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Ian Hamilton
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Military Personnel
    (January 16, 1853-October 12, 1947)
    Born in Corfu, Greece
    British general
    Quartermaster-General to the Forces (1903-04) and Adjutant-General to the Forces (1909-10)
    During World War I, commanded the Mediterranean Expeditionary Force during the Gallipoli Campaign (1915)
    Knighted (1902)
    His left leg was shorter than his right as the result of a fall off his horse.
    He was twice nominated for the prestigious Victoria Cross, but was rejected the first time for being too young and the second time for being too high-ranking an officer.
    The Gallipoli campaign produced a quarter of a million casualties without ever getting off the beaches.
    He was criticized for being indecisive and failing to motivate his subordinates during Gallipoli.
    He was a founding member of the Anglo-German Association to promote pro-German sentiments in Britain, and stayed with the group after the Nazis came to power.
    He supported banning Jews from membership in the Anglo-German Association.
    He called himself 'an admirer of the great Adolph [sic] Hitler.'
    He was fluent in French, German and Hindi, in addition to English.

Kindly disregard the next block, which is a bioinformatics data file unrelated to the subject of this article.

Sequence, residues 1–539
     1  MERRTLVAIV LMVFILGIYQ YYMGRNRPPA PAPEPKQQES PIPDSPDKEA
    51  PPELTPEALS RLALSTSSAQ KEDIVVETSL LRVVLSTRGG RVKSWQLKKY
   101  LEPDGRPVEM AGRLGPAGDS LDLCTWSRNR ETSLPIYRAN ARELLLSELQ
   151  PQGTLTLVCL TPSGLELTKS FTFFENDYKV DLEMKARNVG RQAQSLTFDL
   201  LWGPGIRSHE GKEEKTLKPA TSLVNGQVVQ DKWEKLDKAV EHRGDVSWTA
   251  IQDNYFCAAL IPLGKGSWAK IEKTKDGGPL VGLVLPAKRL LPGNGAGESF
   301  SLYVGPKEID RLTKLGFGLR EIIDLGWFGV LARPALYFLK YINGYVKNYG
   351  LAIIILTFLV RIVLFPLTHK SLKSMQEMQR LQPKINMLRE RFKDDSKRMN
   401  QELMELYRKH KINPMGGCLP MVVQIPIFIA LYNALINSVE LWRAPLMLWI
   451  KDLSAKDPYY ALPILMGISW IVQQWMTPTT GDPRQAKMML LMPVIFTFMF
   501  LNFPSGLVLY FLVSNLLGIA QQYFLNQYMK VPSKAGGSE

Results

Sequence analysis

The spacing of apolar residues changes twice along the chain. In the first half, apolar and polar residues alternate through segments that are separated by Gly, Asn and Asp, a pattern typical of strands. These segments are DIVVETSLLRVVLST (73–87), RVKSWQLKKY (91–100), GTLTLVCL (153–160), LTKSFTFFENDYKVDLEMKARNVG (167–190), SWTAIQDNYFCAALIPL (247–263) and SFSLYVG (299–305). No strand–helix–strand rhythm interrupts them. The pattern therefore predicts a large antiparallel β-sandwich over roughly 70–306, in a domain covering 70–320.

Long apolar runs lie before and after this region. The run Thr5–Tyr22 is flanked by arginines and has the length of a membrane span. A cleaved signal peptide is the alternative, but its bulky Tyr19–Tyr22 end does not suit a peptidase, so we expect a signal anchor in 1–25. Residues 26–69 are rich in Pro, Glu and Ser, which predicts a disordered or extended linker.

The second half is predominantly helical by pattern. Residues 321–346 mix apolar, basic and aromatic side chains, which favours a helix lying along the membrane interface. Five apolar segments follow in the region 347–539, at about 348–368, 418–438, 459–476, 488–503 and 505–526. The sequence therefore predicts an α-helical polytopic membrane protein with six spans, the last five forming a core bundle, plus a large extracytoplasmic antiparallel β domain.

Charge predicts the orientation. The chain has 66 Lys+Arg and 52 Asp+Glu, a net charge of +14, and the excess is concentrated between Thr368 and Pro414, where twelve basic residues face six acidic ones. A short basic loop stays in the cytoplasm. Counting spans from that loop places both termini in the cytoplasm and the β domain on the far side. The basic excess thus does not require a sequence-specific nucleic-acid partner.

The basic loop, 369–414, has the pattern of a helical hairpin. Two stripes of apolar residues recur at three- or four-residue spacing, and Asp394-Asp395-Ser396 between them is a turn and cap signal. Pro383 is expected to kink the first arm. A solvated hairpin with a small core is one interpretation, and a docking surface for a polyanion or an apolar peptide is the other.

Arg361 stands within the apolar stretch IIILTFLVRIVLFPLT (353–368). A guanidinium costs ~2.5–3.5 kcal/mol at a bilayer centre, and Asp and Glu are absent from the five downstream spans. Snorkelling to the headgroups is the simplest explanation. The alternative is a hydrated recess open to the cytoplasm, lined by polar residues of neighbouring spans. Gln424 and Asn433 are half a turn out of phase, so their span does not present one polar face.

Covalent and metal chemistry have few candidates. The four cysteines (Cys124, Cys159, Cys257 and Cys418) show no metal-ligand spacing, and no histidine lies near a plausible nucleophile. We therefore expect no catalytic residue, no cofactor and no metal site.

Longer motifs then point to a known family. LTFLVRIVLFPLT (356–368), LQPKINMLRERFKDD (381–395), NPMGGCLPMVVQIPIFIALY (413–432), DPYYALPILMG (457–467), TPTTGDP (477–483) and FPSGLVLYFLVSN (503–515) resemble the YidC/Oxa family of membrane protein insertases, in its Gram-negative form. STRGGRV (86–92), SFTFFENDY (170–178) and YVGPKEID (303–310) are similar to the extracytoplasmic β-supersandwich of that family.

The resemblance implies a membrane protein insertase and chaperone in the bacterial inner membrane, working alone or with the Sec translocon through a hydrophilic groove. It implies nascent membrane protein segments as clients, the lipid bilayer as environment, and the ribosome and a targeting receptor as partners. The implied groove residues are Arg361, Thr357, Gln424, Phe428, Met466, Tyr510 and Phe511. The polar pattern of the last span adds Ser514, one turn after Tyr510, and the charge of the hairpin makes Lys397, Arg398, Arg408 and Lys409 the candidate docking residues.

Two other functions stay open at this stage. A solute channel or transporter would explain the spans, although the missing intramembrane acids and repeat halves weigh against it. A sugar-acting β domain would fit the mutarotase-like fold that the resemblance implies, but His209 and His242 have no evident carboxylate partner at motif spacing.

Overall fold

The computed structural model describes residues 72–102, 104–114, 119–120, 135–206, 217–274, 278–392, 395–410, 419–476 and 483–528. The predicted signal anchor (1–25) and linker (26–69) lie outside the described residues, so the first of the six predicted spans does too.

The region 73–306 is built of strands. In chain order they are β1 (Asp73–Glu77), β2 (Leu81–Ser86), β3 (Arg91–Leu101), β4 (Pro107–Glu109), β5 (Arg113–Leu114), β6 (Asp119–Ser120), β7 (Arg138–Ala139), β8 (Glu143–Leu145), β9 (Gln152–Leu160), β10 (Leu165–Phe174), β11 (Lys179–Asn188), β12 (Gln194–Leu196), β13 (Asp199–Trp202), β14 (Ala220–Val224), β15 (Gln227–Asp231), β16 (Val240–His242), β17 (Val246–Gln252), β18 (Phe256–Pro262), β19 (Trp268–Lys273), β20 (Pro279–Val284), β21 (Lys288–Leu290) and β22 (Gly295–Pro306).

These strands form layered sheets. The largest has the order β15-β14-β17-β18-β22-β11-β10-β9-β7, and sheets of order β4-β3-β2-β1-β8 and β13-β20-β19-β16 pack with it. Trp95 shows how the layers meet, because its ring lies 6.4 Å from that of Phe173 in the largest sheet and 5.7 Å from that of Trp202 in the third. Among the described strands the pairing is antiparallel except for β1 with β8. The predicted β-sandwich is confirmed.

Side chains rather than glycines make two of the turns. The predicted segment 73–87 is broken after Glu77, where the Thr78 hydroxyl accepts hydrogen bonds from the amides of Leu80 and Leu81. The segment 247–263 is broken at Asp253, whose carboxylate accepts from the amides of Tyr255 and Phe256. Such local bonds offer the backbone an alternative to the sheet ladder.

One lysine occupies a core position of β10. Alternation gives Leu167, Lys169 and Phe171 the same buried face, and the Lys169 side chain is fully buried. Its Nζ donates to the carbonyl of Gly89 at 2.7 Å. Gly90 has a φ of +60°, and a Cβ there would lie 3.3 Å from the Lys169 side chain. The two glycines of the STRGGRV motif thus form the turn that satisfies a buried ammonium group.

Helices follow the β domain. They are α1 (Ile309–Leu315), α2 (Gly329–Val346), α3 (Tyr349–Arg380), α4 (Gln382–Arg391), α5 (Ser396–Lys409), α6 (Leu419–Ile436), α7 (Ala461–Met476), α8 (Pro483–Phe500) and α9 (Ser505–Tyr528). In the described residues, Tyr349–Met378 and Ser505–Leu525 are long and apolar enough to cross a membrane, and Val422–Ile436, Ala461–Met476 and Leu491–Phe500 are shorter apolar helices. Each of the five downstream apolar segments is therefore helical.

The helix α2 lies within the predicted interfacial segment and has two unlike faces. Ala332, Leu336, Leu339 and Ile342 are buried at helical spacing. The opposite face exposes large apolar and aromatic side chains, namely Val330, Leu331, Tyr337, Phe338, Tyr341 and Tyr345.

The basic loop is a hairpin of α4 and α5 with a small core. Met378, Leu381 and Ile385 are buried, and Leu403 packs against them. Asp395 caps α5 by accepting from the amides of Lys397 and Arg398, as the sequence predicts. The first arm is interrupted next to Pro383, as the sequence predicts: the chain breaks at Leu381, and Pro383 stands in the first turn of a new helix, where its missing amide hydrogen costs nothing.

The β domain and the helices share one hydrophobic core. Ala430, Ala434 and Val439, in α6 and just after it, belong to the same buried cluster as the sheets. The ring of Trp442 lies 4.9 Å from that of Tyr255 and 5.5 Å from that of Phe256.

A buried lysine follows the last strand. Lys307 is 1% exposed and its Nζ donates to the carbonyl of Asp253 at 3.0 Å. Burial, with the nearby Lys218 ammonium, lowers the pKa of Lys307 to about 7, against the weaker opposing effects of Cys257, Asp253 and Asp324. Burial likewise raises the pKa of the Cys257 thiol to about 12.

During the First Boer War (1881), he was shot in the wrist, leaving his left hand almost useless, and taken prisoner.
    After witnessing trench warfare as an attache to the Japanese Army during the Russo-Japanese War (1904-05), he accurately concluded that cavalry would be obsolete in such a conflict.
    He was a supporter of then-unconventional tactics such as night attacks and the use of aircraft.
    The Gallipoli campaign ranked low in Minister of War Herbert Kitchener's priorities, with the result that Hamilton's subordinates were described by one historian as 'the most abject collection of generals ever collected in one spot.'
    He said of Kitchener, 'I know he is not capable of understanding how he has cut his own throat, the men's throats, and mine, by not sending young and up-to-date generals to run them [the divisions of the Gallipoli invasion force].'
    He noted, 'There is nothing certain about war except that one side won't win.'

Credit: C. Fishel

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